GPS Guided Cargo Systems


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In recent years, GPS-guided ram-air parachutes render more flexibility to load drops. Since 2004, the US Marine Corps have been using Sherpa TM/MC GPS guided parachutes in Iraq, dropping 1 ton loads within 70 meters from their designated target point. In August 2006 the first ‘Screamers’ were tested In Afghanistan, dropping container delivery system bundles, containing food, water, ammunition and other supplies, weighing 500 to 2,200 lbs (0.2 to 1 ton.), to troops on the ground.

Precision Airdrop for Special Operations has been chosen among the ten highest priority areas defined for NATO’s Defense Against Terrorism (DAT) effort. The purpose of the DAT program is to develop new, cutting-edge technology to protect troops and civilians against terrorist attacks. Precision airdrop capabilities will enhance the capability of NATO forces to deliver personnel or equipment stealthily and precisely under all-weather conditions wherever they may be needed. This capability will also support the increasing deployment of NATO troops to long-distance out-of-area contingency operations, which have lately become in vogue.

High altitude, precision airdrop is expected to be key enabling technology for future forces deployment. Such capabilities will facilitate rapid strategic and tactical deployment of forces, supported ‘just-in-time’ with supplies delivered precisely to any location throughout the world. The increased accuracy and ability to drop to more than one location simultaneously means that soldiers on the ground can recover the cargo quickly and know exactly where it will land. Such capability is providing military planners with the capability of strategically and covertly positioning equipment and supplies for rapidly moving ground and special operations forces.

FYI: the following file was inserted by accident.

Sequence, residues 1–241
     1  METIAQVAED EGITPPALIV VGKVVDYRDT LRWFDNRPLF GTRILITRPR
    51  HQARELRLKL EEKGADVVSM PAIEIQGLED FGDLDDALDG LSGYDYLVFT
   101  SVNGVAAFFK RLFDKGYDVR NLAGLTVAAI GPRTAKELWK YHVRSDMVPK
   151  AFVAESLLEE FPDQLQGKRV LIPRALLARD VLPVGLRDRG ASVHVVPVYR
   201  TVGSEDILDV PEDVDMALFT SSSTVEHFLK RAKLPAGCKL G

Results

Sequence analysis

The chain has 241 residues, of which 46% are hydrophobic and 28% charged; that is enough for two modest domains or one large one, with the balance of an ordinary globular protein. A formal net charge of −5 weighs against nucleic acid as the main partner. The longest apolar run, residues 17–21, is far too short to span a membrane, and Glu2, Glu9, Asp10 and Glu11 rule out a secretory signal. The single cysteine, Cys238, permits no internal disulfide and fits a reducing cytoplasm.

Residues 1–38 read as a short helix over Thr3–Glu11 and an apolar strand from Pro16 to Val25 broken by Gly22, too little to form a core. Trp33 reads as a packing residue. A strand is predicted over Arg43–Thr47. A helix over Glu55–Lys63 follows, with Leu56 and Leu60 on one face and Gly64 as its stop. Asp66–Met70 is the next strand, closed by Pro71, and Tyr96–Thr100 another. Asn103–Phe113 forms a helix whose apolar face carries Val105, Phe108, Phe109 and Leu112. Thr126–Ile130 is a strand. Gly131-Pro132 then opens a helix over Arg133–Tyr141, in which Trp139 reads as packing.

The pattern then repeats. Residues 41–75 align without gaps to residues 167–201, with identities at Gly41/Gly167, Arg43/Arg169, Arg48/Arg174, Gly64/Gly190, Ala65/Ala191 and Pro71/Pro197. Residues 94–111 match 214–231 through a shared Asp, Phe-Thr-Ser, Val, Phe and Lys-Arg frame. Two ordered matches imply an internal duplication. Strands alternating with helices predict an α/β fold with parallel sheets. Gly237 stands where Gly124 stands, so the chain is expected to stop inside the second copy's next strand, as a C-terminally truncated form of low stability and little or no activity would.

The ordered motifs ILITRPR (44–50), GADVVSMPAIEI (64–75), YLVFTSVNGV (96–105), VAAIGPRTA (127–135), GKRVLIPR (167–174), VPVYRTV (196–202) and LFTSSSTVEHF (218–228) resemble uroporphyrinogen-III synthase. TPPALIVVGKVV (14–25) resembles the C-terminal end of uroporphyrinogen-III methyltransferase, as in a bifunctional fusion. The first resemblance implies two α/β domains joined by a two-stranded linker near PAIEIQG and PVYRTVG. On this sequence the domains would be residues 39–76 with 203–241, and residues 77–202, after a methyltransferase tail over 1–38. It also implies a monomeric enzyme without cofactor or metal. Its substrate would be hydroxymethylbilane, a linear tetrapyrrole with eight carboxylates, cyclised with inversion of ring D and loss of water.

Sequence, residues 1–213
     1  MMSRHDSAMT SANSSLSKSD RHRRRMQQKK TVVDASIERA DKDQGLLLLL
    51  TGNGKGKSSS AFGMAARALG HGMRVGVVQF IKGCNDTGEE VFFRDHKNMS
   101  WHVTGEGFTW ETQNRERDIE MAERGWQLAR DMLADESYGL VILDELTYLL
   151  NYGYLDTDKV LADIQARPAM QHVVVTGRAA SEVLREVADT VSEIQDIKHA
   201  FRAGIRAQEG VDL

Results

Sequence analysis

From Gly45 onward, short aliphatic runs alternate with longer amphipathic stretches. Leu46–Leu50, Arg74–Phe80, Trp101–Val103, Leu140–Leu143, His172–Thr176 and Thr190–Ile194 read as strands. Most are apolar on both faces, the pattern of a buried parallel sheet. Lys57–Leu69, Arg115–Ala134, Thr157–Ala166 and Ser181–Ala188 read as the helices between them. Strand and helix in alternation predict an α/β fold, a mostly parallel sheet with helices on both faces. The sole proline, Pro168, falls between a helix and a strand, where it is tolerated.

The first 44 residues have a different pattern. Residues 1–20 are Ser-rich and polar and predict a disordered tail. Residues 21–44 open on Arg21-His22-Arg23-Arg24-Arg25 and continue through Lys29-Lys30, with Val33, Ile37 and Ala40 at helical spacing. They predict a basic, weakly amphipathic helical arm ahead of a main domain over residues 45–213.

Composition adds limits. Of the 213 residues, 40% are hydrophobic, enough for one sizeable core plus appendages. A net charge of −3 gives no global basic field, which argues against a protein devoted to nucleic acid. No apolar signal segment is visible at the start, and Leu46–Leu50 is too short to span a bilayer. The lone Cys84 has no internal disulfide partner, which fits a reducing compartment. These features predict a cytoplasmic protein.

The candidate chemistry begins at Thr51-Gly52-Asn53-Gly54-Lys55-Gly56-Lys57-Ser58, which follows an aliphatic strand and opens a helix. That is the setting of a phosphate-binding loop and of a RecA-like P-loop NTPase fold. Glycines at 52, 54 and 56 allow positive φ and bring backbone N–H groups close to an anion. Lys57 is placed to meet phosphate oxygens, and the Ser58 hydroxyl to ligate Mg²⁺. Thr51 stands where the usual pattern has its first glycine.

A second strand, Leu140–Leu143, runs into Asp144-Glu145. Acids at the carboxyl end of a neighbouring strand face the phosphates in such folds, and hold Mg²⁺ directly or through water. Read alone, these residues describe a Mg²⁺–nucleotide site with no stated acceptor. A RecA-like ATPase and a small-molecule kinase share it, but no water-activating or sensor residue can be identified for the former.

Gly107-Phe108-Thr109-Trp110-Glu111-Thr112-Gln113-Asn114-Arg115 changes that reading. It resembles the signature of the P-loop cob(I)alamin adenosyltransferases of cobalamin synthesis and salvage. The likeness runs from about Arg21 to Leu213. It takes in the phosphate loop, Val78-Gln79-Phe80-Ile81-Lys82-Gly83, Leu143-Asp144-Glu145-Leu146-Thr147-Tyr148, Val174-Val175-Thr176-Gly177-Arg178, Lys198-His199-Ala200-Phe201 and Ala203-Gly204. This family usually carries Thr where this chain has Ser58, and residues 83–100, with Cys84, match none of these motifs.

Aimed at supporting ground troops with essential supplies, the U.S. Army Natick Soldier Center has teamed with the U.S. Air Force Air Mobility Command to develop new air-drop capabilities, first pushing immediately essential supplies such as ammunition, water, fuel and medical supplies to forward deployed troops. The medium and heavy systems will be fielded at a later phase and will enable precision air drop of loads ranging from 20,000 to 60,000 lbs (9 – 27 tons) of cargo, more than enough to deliver the Army’s eight-wheel 19 ton Stryker combat vehicle. As the Army transforms to the Future Combat System, JPADS will provide the ‘just-in-time’ logistics needed. The ultimate goal intention is to resupply troops anywhere in the world within 24 hours with supplies directly flown from the United States bases. JPADS will satisfy four ‘gaps’ identified in the current air-drop capability: increased ground accuracy, standoff delivery, increased air carrier survivability, and improved effectiveness of airdrop mission operations.

Known as Joint Precision Air Drop System (JPADS), the program is pursuing cargo systems in weight classes, including the “Extra Light” (JPADS XL, 700 – 2,200 lbs / 0.3 – 1 ton) and “Light” (JPADS L 5,000 – 10,000 lbs / 2.2 – 4.5 ton) classes, slated for fielding within the near term (around 2008). All systems will be required to hit a pre-planned GPS ground target within 50 meters, cleared for high altitude drop from 24,500 feet mean sea level, and capable of being deployed from at least eight kilometers horizontal offset from the ground target. Using a portable mission-planning tool and wireless communications loadmasters will be able to update the mission plans uploaded to the rigged JPADS before the flight with last minute changes of drop-zone location, threats etc.

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